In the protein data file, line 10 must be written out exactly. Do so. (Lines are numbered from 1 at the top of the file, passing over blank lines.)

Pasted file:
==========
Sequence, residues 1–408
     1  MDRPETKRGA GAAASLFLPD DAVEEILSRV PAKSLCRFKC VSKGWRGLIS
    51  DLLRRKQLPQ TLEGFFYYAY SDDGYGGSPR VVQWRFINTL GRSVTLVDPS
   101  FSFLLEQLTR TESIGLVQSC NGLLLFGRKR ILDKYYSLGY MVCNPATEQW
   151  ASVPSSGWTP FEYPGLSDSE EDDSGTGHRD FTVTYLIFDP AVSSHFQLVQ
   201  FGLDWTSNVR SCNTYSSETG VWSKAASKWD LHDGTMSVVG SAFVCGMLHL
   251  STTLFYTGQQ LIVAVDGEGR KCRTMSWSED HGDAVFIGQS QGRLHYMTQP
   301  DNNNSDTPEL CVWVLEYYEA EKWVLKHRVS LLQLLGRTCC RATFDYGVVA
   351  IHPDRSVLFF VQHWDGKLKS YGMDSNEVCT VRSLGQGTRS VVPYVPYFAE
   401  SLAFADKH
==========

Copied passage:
   401  SLAFADKH